Wild Boar Striploin, Boneless
When it comes to game, many of us assume that it must be braised. But the striploin is different. Think steak … pork steak. Or more accurately, wild boar steak.
Leave the fat cap on – this boar meat is so lean that you want that fat for cooking.
Season and pan sear until you get a good crust on the striploin, and then put it in the oven to finish. Take care not to overcook it –meat this lean gets tough. Slice it into individual portions to serve.
The wild conditions imbue this meat with a sweet, slightly nutty taste. Boar is like a wild cousin to pork--richer, darker and more intense--but equally adaptable to varied spices and recipes.
Of course, you can slice and sauté the striploin. A hot pan, a little duck fat and a wine sauce are enough to satisfy the most demanding of game meat fans.
D'Artagnan partners with experienced trappers in Texas to provide the best wild boar on the hoof. Our wild boar is actually wild, and is humanely cage trapped in Texas, and then brought to USDA-inspected plants where it is processed in the same way as farm-raised hogs.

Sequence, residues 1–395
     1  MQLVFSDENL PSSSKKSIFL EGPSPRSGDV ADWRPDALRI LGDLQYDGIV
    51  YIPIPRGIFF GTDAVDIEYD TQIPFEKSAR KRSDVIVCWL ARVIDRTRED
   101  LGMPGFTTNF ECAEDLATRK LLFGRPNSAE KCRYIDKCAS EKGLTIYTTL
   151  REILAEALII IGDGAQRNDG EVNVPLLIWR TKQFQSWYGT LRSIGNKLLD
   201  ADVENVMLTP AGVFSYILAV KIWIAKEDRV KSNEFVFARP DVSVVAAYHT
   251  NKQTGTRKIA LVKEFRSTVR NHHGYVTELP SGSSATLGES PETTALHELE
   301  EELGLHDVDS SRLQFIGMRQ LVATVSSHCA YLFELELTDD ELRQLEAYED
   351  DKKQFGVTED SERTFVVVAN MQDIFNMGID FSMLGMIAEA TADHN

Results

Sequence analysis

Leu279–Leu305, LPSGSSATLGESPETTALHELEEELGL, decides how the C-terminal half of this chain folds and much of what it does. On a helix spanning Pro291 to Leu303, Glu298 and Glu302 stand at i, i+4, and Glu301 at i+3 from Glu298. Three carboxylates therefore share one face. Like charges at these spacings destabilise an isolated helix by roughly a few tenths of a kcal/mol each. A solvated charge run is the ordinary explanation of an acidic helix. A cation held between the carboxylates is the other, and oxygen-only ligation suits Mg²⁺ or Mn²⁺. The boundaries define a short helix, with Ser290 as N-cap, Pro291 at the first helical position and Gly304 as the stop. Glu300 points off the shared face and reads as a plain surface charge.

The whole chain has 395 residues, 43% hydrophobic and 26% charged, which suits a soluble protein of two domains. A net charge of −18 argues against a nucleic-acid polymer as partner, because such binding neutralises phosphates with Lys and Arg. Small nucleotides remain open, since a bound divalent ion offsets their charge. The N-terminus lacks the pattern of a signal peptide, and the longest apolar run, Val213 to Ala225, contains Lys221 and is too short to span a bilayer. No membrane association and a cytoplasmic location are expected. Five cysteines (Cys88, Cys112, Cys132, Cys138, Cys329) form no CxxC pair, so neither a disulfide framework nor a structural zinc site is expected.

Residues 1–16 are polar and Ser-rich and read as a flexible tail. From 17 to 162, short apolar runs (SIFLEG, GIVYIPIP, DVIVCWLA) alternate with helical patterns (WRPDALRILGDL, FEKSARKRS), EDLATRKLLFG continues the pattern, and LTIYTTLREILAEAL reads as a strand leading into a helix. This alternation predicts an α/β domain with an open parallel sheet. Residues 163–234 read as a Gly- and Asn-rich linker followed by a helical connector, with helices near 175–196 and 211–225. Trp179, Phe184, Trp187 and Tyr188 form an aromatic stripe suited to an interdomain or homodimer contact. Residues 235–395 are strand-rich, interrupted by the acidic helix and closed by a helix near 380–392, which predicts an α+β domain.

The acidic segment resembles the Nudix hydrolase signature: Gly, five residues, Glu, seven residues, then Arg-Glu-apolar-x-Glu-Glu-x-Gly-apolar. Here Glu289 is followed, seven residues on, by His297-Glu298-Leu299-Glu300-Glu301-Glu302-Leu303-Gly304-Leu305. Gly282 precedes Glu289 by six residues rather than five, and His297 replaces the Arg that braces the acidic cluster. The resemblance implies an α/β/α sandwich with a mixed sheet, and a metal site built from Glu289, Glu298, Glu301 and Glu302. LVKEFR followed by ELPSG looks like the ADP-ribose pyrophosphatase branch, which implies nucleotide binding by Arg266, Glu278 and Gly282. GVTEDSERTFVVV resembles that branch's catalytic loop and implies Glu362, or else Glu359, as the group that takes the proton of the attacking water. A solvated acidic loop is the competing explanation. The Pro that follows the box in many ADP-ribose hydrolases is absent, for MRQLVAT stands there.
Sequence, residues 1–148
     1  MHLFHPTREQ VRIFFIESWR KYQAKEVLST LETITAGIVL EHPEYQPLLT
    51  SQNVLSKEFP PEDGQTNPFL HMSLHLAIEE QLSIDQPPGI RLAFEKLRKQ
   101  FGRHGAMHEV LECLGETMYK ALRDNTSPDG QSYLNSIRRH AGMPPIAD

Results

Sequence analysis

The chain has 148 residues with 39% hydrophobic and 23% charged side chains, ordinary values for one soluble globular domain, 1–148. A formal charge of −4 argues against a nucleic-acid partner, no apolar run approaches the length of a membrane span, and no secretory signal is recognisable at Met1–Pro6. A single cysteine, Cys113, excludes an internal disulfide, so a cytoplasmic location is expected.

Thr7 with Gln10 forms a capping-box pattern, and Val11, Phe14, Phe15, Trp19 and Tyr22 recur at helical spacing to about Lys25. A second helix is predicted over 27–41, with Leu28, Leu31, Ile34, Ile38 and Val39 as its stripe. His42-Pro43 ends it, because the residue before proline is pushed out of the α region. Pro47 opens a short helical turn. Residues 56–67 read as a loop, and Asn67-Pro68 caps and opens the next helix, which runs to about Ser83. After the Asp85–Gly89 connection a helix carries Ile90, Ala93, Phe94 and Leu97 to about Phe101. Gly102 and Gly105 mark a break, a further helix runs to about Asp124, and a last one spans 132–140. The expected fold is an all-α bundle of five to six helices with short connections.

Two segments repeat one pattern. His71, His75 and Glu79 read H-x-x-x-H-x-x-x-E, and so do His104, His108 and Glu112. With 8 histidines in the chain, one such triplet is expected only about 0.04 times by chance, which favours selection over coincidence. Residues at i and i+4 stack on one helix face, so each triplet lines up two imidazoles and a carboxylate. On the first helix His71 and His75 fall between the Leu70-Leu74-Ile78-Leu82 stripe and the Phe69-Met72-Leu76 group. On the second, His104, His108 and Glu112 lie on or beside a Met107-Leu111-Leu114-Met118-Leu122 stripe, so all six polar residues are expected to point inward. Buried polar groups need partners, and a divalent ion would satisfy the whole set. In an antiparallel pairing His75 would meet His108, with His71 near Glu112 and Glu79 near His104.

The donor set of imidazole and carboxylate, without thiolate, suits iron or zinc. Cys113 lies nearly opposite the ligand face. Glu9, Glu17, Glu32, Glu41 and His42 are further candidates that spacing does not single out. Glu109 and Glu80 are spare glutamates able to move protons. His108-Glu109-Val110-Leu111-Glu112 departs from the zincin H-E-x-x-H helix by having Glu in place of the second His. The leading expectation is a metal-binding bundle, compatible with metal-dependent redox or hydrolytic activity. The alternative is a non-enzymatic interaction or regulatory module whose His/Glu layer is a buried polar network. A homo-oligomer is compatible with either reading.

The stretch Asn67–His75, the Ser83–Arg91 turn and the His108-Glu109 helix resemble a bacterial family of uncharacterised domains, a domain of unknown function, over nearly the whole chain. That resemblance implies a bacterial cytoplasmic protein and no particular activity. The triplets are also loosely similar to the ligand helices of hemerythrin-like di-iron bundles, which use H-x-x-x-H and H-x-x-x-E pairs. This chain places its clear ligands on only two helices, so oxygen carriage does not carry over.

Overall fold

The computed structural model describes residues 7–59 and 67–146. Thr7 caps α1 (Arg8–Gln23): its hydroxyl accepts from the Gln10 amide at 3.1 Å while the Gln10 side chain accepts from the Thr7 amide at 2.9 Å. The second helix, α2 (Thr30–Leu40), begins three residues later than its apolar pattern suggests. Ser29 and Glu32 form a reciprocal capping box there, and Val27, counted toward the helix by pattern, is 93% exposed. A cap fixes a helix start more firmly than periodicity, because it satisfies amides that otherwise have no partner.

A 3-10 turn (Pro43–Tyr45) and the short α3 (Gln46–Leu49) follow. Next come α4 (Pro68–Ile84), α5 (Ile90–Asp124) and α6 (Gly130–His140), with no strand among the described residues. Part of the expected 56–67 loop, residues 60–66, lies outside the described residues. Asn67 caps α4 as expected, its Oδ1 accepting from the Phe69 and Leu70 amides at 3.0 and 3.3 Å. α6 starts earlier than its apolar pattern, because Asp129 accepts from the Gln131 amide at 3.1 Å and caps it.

The omnivorous wild boar has a voracious appetite and will eat everything from greens, native roots and acorns to agricultural crops. As you might imagine, they are considered a nuisance by farmers and ranchers.
Because of the growing numbers of wild boar, the law permits year-round hunting of these feral hogs. By using large cages that do not harm the boar, our trapping process allows this game meat to be marketed under the USDA law, which forbids hunted game to be sold.
This means that we can enjoy the primal taste of wild boar without having to do any of the hard work. It just doesn't get any wilder than this.
For basic cooking instructions, Download our Wild Boar Cooking Guide.
Whether you sauté this striploin, stuff it and slow roast it, or cook it over charcoal on the grill, you'll find it intensely complex in flavor.
Always be aware that with meat so lean, overcooking it is not a good idea. Leave the fat cap on while cooking to protect the meat, and imbue it with flavor. If you don't want to eat the fat, you can remove it after cooking, or simply cut around it on the plate.